The 2017 FIFA Confederations Cup was the 10th FIFA Confederations Cup, a quadrennial international men's football tournament organised by FIFA. It was held in Russia, from 17 June to 2 July 2017, as a prelude to the 2018 FIFA World Cup.
Russia was announced as the hosts on 2 December 2010 after the country was awarded the hosting rights of the 2018 FIFA World Cup. The matches were played in four different stadiums across four cities: Saint Petersburg, Moscow, Kazan, and Sochi. It was the first time Russia has hosted the tournament, and the third time the Confederations Cup has been held in the European continent. As hosts, Russia qualified automatically for the tournament; they were joined by the six winners of the FIFA confederation championships and the 2014 FIFA World Cup champions, Germany.
The final tournament was played in two stages: a group stage and a latter knockout stage. In the group stage, each team played three games in a group of four, with the winners and runners-up from each group advancing to the knockout stage. In the knockout stage, the four teams competed in single-elimination matches, beginning with the semi-finals and ending with the final match of the tournament. A third-place match was played between the two losing semi-finalist teams.
The defending champions, Brazil, who won the previous three Confederation Cups (2005, 2009, 2013), failed to qualify for the first time since 1995 following their loss on penalties to Paraguay in the quarter-finals of the 2015 Copa América. 2015 AFC Asian Cup winners Australia became the first team to qualify from multiple confederations, having previously represented the OFC in 1997, 2001 and 2005. This was the first Confederations Cup to feature video assistant referees (VARs).
The eight competing teams were the host nation, the reigning FIFA World Cup champions, and the six holders of the FIFA confederation championships. If any team qualified for multiple berths (such as, if the World Cup champions also won their continental championship), the next best-placed team from their continental championship would have qualified.
After Russia secured a spot in the tournament as the hosts, Germany were the first team to qualify via competition, after winning the 2014 FIFA World Cup in Brazil. The final match saw the Germans clinch the country's fourth world title through a 1–0 extra-time win against Argentina. Australia were the next team to qualify after beating South Korea 2–1 after extra time, in the 2015 AFC Asian Cup Final. This victory marked Australia's first Asian Cup win since their move from the Oceania Football Confederation (OFC) in 2006. It was also the first time a team had become champions of two confederations, following Australia's four OFC Nations Cup titles. Chile were the fourth team to secure a spot at the 2017 FIFA Confederations Cup after defeating Argentina 4–1 on a penalty shoot-out following a 0–0 draw after extra time, in the 2015 Copa América Final.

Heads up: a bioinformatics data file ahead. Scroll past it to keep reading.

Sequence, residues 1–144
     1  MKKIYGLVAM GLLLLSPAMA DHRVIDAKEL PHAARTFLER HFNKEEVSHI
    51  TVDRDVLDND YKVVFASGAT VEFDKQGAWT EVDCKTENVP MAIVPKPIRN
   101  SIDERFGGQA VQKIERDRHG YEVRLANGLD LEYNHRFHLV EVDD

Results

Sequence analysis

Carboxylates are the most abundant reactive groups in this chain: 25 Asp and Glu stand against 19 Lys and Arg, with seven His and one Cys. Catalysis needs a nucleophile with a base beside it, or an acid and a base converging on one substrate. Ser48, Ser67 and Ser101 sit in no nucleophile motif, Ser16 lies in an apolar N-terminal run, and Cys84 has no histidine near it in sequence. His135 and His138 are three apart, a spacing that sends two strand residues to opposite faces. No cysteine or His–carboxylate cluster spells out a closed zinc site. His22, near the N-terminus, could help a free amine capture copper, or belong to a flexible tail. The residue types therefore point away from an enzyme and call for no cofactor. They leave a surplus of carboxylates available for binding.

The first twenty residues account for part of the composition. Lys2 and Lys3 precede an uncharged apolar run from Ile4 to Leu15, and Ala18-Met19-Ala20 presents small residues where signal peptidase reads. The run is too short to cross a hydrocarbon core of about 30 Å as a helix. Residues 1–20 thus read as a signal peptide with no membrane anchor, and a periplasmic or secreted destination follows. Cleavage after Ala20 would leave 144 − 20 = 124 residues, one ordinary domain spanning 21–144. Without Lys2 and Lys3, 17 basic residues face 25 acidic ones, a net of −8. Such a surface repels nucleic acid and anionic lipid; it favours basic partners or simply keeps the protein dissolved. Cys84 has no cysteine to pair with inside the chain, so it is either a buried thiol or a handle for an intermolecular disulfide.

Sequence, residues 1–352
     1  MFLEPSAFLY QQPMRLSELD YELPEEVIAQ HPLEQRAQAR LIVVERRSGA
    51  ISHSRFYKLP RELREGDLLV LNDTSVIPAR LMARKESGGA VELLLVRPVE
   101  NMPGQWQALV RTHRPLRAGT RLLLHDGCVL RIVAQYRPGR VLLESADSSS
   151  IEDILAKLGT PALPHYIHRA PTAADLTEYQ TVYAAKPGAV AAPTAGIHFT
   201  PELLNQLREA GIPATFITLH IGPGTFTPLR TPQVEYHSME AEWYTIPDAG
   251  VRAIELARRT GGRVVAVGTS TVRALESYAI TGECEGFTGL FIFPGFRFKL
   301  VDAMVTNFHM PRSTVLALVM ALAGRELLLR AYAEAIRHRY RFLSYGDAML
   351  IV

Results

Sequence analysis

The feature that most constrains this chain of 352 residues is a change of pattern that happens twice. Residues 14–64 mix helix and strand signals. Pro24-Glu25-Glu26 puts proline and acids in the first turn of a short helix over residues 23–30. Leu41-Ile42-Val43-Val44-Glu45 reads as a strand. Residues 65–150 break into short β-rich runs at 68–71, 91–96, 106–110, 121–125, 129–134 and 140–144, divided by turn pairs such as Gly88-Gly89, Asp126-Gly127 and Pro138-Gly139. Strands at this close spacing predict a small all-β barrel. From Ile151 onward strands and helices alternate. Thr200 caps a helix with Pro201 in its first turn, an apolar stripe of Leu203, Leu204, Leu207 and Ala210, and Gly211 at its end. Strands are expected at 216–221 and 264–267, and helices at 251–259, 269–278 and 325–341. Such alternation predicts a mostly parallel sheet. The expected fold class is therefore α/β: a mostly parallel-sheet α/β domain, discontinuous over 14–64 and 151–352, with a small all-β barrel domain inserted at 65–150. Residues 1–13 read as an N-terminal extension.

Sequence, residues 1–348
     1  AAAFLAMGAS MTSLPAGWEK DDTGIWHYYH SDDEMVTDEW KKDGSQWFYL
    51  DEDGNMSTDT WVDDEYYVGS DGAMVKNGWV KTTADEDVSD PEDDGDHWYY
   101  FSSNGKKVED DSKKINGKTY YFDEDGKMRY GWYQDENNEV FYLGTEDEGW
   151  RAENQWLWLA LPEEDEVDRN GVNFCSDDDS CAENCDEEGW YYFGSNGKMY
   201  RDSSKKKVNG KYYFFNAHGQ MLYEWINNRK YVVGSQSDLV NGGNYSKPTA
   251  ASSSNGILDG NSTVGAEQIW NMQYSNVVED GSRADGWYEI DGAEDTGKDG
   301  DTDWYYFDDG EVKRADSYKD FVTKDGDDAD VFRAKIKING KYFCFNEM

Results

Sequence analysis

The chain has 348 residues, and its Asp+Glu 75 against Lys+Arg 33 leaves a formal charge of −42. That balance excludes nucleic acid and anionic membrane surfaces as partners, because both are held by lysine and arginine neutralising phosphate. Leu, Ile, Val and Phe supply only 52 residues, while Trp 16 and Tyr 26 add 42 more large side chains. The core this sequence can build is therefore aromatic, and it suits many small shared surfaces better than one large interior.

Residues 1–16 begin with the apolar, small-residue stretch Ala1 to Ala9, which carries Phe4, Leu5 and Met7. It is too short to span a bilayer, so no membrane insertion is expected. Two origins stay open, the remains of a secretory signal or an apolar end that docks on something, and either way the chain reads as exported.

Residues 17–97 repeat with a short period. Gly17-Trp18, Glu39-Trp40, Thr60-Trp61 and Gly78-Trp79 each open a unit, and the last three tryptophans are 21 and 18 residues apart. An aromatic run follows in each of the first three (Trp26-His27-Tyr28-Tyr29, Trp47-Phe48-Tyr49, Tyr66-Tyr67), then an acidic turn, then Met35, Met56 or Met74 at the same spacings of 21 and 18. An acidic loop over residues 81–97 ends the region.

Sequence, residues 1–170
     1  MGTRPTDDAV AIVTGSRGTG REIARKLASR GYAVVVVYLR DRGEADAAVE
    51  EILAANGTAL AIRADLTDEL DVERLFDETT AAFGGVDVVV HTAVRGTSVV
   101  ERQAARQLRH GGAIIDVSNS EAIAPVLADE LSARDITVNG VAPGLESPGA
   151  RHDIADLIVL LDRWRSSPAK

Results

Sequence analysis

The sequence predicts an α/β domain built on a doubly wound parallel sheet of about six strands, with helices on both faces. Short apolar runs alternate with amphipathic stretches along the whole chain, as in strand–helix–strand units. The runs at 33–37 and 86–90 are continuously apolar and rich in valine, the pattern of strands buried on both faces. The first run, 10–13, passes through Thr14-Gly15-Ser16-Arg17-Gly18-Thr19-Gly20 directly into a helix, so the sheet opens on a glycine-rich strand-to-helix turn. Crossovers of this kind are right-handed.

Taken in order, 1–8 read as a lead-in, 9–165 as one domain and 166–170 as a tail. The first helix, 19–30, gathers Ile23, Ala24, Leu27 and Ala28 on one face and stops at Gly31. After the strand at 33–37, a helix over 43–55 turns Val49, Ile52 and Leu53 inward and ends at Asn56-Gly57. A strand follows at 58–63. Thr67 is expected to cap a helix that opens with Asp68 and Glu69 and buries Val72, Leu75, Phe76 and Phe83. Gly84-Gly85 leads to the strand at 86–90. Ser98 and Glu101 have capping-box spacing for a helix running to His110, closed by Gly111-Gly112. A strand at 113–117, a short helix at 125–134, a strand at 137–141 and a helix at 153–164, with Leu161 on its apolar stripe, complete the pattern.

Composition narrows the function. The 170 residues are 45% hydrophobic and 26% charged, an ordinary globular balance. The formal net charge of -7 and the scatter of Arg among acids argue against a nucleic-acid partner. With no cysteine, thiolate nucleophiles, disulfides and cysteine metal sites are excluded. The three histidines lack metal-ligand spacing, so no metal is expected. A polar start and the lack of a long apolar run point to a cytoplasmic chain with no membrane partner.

As 2015 CONCACAF Gold Cup champions, Mexico's qualifying path saw them face 2013 CONCACAF Gold Cup champions United States in the 2015 CONCACAF Cup play-off match. The new format, in which the two most recent CONCACAF Gold Cup winners compete to decide the representative team of CONCACAF, was won by Mexico 3–2 after extra time. New Zealand were the sixth team to qualify for the tournament after defeating Papua New Guinea 4–2 on a penalty shoot-out following a 0–0 draw after extra time, in the 2016 OFC Nations Cup Final.
Portugal were the seventh team to qualify, after defeating host nation France 1–0 after extra time, in the UEFA Euro 2016 Final. The 2017 Africa Cup of Nations winning team, Cameroon, took the eighth and final spot with their 2–1 win against Egypt in the 2017 Africa Cup of Nations Final. This was the first time in FIFA Confederations Cup history that three national teams from any single confederation (Russia, Germany and Portugal from UEFA) participated in the tournament.
The following teams qualified for the tournament.
|Country||Confederation||Qualified as||Qualified on||Previous appearances in tournament1|
|Russia||UEFA||Hosts||1 2 December 2010||0 (debut)|
|Germany||UEFA||2014 FIFA World Cup winners||2 13 July 2014||2 (1999, 2005)|
|Australia||AFC2||2015 AFC Asian Cup winners||3 31 January 2015||3 (1997, 2001, 2005)|
|Chile||CONMEBOL||2015 Copa América winners||4 4 July 2015||0 (debut)|
|Mexico||CONCACAF||2015 CONCACAF Cup winners||5 10 October 2015||6 (1995, 1997, 1999, 2001, 2005, 2013)|
|New Zealand||OFC||2016 OFC Nations Cup winners||6 11 June 2016||3 (1999, 2003, 2009)|
|Portugal||UEFA||UEFA Euro 2016 winners||7 10 July 2016||0 (debut)|
|Cameroon||CAF||2017 Africa Cup of Nations winners||8 5 February 2017||2 (2001, 2003)|
On 8 October 2015, FIFA and the Local Organising Committee agreed on the official names of the stadiums used during the tournament.
(Saint Petersburg Stadium)
|Capacity: 68,134||Capacity: 45,360|
|Kazan Arena||Fisht Olympic Stadium
|Capacity: 45,379||Capacity: 47,659|
The full schedule was announced by FIFA on 24 July 2015 (without kick-off times, which were confirmed later). Russia was placed in position A1 in the group stage and played in the opening match against New Zealand at the Zenit Arena in Saint Petersburg on 17 June. The distribution of the knockout stage matches was as follows:
For the draw, the eight teams were allocated to two pots. Pot 1 contained the hosts Russia and the three highest-ranked teams in the November 2016 edition of the FIFA World Rankings (shown in parentheses below): Germany, Chile, and Portugal. Pot 2 contained the remaining four teams: Mexico, Australia, New Zealand, and the winners of the 2017 Africa Cup of Nations (whose identity was not known at the time of the draw, and regardless of their identity, could not be among the three highest-ranked participating teams), which was won by Cameroon on 5 February 2017 to complete the line-up.